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The Los Angeles Times runs a major story in its Nation section this morning that looks like a refugee from October. Peter Wallsten obsesses about George Bush's approval rating based on recent polling despite the results from the big poll on November 2nd:
Despite a clear-cut reelection and the prospect of lasting GOP dominance in Congress, President Bush prepares to start his second term with the lowest approval ratings of any just-elected sitting president in half a century, according to new surveys.
That distinction, which pollsters and analysts blame on public discontent over the war in Iraq, comes as Bush begins drafting two major speeches that could quickly recast his image: an inaugural address Jan. 20 and the State of the Union soon after. Bracketed between them is the Jan. 30 election in Iraq, another milestone that could affect public impressions of Bush.
In two words: so what? First, George Bush just won the last election in which he'll ever run. Polling at this point is essentially meaningless. In fact, the whole point of term limits is to free politicians in their last term from worrying about approval ratings and allow them to do their jobs with more long-term vision.
The headline on the article also underscores the Times' cluelessness: "Reelection Honeymoon With Voters Eludes Bush, Polls Say." Re-elected officials don't get honeymoons. Sometimes they have political capital, but in this case that has nothing to do with approval ratings from a Gallup poll but the fact that Bush carried a number of new GOP lawmakers into Congress. The freshman class in the House and Senate knows that their expanded majority comes from George Bush and his leadership. They're not worried about a 49 in December 2004, before they even get sworn into office.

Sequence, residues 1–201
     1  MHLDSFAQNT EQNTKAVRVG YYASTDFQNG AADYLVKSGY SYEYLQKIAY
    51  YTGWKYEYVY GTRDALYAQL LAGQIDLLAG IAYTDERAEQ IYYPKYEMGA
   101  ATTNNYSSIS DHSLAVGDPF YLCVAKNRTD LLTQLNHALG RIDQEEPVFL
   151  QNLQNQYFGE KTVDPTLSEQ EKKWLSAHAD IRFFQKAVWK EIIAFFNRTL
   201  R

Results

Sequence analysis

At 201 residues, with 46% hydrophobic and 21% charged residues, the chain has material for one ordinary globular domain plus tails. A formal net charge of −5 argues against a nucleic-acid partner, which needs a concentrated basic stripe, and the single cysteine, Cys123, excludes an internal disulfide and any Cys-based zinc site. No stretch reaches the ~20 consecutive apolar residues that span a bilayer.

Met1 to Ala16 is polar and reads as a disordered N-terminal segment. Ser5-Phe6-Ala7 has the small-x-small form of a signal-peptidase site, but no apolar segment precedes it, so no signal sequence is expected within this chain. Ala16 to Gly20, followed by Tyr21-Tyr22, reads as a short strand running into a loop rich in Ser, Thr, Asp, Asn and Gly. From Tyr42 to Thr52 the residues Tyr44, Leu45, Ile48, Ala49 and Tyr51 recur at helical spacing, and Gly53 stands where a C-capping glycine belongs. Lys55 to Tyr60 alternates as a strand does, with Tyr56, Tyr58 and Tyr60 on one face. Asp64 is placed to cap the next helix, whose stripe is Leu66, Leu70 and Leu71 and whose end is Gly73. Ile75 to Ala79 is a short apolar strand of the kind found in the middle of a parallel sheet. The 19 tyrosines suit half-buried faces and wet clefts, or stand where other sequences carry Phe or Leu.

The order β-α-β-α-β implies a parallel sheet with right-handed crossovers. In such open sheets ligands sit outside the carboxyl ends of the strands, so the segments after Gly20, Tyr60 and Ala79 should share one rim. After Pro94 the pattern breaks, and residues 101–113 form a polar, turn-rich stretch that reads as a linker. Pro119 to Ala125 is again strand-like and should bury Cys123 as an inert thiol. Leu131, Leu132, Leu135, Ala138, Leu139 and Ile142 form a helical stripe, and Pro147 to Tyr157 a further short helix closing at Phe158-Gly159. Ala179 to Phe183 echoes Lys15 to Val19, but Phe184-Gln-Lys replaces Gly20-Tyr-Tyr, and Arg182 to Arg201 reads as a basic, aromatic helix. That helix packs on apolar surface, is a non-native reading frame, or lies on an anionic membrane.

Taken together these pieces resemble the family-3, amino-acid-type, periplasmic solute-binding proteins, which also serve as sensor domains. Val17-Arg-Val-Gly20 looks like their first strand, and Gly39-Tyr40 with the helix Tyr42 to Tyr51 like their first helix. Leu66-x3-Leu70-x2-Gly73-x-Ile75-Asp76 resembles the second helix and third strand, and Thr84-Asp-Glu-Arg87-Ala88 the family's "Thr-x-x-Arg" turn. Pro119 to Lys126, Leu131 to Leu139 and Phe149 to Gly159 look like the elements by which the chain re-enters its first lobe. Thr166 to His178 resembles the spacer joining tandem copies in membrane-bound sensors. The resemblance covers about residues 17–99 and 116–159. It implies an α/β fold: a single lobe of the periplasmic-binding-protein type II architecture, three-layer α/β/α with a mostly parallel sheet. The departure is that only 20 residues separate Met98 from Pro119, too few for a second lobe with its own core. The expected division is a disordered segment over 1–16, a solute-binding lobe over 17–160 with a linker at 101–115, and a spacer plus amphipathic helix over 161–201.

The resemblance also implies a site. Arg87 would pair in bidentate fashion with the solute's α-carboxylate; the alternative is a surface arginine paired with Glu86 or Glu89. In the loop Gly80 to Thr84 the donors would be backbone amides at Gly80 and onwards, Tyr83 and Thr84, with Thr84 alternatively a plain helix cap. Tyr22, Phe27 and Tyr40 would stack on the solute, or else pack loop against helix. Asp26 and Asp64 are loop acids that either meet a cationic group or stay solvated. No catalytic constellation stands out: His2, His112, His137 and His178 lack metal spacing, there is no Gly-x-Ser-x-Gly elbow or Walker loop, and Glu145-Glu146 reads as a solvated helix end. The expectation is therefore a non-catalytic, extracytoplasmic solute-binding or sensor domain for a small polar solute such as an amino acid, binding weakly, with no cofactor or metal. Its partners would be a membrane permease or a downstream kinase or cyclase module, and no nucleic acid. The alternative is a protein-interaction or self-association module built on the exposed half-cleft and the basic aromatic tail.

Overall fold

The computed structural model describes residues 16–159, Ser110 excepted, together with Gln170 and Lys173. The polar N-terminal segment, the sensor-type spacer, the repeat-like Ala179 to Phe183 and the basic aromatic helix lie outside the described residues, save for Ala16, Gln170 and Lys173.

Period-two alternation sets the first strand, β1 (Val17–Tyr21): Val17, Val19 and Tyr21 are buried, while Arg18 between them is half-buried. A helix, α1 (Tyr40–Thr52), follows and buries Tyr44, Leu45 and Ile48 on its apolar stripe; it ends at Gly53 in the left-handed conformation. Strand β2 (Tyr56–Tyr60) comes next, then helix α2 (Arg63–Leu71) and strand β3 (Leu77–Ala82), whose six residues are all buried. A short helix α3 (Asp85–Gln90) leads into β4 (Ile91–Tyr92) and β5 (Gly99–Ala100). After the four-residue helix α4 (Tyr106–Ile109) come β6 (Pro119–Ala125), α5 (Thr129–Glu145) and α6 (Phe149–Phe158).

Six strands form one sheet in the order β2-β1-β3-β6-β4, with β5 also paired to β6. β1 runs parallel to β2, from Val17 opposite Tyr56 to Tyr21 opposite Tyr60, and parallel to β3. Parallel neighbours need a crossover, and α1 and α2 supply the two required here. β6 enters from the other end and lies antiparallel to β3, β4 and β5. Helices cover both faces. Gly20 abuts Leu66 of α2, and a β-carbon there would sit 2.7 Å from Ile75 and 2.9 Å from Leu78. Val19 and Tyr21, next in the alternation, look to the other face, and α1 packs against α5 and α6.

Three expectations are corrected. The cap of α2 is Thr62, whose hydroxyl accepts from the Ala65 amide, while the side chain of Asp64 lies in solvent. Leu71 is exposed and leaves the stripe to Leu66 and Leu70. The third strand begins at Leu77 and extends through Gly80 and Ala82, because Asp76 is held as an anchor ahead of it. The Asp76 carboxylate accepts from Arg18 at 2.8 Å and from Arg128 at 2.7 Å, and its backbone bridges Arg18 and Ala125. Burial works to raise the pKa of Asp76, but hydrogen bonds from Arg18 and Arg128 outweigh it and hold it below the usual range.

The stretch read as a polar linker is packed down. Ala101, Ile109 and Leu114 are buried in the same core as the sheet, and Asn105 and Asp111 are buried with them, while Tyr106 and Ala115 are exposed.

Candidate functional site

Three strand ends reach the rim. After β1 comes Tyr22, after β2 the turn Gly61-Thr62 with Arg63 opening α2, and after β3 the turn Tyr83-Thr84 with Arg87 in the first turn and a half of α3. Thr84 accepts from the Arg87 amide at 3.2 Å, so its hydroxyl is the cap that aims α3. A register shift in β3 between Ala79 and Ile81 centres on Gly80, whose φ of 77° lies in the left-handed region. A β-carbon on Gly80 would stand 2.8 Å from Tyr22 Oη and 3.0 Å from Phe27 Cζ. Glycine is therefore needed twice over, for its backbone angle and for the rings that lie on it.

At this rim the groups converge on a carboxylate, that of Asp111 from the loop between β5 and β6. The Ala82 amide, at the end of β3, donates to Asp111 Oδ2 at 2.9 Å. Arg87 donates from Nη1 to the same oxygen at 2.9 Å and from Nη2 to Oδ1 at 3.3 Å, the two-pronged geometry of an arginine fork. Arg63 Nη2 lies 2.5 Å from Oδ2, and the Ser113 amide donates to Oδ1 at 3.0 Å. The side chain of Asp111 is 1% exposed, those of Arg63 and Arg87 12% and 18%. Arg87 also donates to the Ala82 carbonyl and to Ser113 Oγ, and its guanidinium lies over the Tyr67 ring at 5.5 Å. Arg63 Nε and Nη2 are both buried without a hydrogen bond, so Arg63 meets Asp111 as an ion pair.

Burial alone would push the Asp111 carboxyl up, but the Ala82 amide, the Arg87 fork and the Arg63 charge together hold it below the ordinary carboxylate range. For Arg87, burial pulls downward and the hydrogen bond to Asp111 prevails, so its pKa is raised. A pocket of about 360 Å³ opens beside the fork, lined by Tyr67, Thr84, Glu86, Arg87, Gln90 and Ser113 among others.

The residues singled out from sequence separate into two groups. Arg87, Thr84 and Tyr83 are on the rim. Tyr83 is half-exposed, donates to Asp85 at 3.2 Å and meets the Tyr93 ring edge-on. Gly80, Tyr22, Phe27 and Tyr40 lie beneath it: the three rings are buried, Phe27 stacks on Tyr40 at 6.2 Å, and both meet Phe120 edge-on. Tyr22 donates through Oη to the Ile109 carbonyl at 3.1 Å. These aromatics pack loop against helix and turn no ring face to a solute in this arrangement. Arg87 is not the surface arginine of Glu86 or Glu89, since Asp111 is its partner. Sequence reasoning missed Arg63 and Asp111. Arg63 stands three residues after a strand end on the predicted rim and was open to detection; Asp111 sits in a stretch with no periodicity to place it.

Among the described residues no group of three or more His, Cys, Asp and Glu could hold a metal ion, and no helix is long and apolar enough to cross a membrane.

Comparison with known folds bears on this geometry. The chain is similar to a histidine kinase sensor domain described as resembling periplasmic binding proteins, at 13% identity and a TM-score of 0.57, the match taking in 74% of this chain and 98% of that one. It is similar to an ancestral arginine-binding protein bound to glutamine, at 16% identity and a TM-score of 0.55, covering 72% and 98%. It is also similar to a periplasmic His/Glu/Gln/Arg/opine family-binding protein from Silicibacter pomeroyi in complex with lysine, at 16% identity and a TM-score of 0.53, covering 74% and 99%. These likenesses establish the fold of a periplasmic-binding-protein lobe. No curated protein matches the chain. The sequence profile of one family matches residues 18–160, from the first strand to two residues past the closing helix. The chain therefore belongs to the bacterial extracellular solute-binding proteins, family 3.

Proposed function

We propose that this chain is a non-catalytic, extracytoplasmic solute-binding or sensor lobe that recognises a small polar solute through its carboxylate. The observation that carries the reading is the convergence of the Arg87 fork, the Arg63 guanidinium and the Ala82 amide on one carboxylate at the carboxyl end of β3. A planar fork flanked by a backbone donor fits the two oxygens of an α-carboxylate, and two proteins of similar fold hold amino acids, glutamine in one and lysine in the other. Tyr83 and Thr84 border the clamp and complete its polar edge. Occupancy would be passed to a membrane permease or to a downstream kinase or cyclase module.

Bush's approval ratings will only matter in the next Congressional election cycle -- 22 months from now. What can change in that time? As Wallsten notes, Iraq will hold its first democratic elections, Afghanistan will continue building their democracy, Ukraine has already thrown off the shackles that bound their own, and the Palestinians will hold the first presidential elections in a decade -- which gives the US an opening to exploit for a resolution to the Palestinian problem. In short, we will have moved two years further into Bush's forward policy of engagement in Southwest Asia and will have a better perspective on its results.
At that point, Bush's approval ratings matter indirectly only as far as he impacts individual Congressional races. However, as the Times also notes, he went into the election with a 49 and still won re-election with a 3-million-vote margin and managed to win 4 additional seats in the Senate as well as add more seats to the GOP majority in the House. Bush apparently doesn't need more than a 49 to beat the Democrats into oblivion as he has done in three straight election cycles. Maybe Wallsten and Gallup need to start polling on Democrats to find out why Bush keeps winning.Sphere It View blog reactions
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